Agia Paraskevi (Greek: Αγία Παρασκευή, named after Saint Paraskevi of Rome), is a suburb of Athens, Greece, in the northeast of Athens, about nine kilometers away from the city centre. It is linked to Athens by Mesogeion Avenue, a major road in the greater Athens area. It is a municipality within Attica Periphery.
Up until the 1950s, the suburb was sparsely inhabited, with most of its inhabitants practising agriculture. In the 1960s, the rapid economic development that the country was experiencing drove an influx of immigrants to the big cities, and a burst of construction activity. Thus the population of suburban Athens (and Agia Paraskevi) dramatically increased; a process that went on into the 1980s and 1990s (see table below). Today, Agia Paraskevi, like the majority of Athens' suburbs, is densely populated.
Agia Paraskevi consists of 7 districts: Kontopefko (Greek Κοντόπευκο for short pine tree, Ancient/Katharevousa Kontopefkon), Nea Zoi (Νέα Ζωή Greek for new life), Tsakos (Τσακός), Stavros, Agios Ioannis (Άγιος Ιωάννης the Greek equivalent of Saint John), Pefkakia and Paradisos (Heaven). In the downtown area lies the central Agia Paraskevi Square with a cathedral dedicated to the Orthodox Saint Agia Paraskevi, after whom the suburb is named.
Agia Paraskevi operates the nuclear research center Demokritos, which hosts the sole nuclear reactor in Greece. It is also home of the Greek Ministry of Agriculture.
The football team of the city is Agia Paraskevi F.C., but is known as "Santa", attracting devoted fans. During the Olympic games in 2004, a part of the historical Marathon passed through Agia Paraskevi in Mesogeion avenue, and this was deemed a great moment for the municipality.
In 1993, there was considerable opposition from inhabitants of the suburb to the construction of the Hymettus ring road. The ring road was to form a major highway on the mountainside linked directly to the Attiki Odos, and the construction of both the ring and Attiki Odos were to commence immediately. The realization that this plan would demand the felling of a considerable numbers of trees, as well as spurring an increase in noise pollution, predictably aroused the opposition of the local population, who requested a different solution: a covered road. However, the government would not reverse the decision and, in fact, sent bulldozers to the mountainside. This led to a riot in April, 1993. Thousands of people travelled up the mountainside and faced the bulldozers, forcing the drivers to leave. At length police arrived and managed to force the demonstrators off the site; eventually the construction of the two highways began, and was completed in 2001. The road was covered only at a small section, that running over the Deree College.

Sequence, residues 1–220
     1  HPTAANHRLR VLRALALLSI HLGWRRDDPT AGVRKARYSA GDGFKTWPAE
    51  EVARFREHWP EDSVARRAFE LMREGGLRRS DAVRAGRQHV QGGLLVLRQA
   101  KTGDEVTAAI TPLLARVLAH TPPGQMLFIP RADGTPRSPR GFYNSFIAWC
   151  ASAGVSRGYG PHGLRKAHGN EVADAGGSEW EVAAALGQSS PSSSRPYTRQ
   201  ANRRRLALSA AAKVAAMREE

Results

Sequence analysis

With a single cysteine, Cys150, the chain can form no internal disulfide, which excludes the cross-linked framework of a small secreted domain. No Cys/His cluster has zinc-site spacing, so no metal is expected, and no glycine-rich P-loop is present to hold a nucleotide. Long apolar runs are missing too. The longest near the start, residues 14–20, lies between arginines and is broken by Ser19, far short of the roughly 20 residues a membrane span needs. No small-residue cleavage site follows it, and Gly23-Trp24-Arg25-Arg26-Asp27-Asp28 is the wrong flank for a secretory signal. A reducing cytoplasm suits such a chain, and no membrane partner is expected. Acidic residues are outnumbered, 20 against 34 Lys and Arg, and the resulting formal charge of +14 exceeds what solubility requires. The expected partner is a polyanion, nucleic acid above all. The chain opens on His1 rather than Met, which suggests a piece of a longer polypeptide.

Agiou Ioannou street.
Block of apartments at the Kontopefko area.
Built at the foot of mount Hymettus, Agia Paraskevi is one of the few suburbs of Athens to retain plenty of trees, and offers good opportunities for leisure activities, such as trekking, jogging and picnics. A beautiful route on the mountainside leads through the pine trees, to the small monastery of Saint John, known as "the hunter" in the area. There are spectacular views at the summit, to all Athens as far as Piraeus.
The climatic conditions in Agia Paraskevi are typically Mediterranean: summers are hot and dry, and winters are mild. Snowfalls are not uncommon, but they don't occur every winter, while heatwaves also occur every summer, with temperatures reaching 40 or even 42 Celsius degrees. Due to these conditions, people suffering from serious illnesses were once brought here as part of their recovery process, before the great wave of urban development.
Although there is a very satisfactory highway connection, Agia Paraskevi is still poorly linked to other areas of Attica via public transport; a major reason for this is the town's geographical position. There are few bus lines leading to the center of Athens and one going to Agioi Anargyroi. Also there are two Metro stations that are serving the city, called Nomismatokopio and Agia Paraskevi.
Medieval Greece / Byzantine Empire
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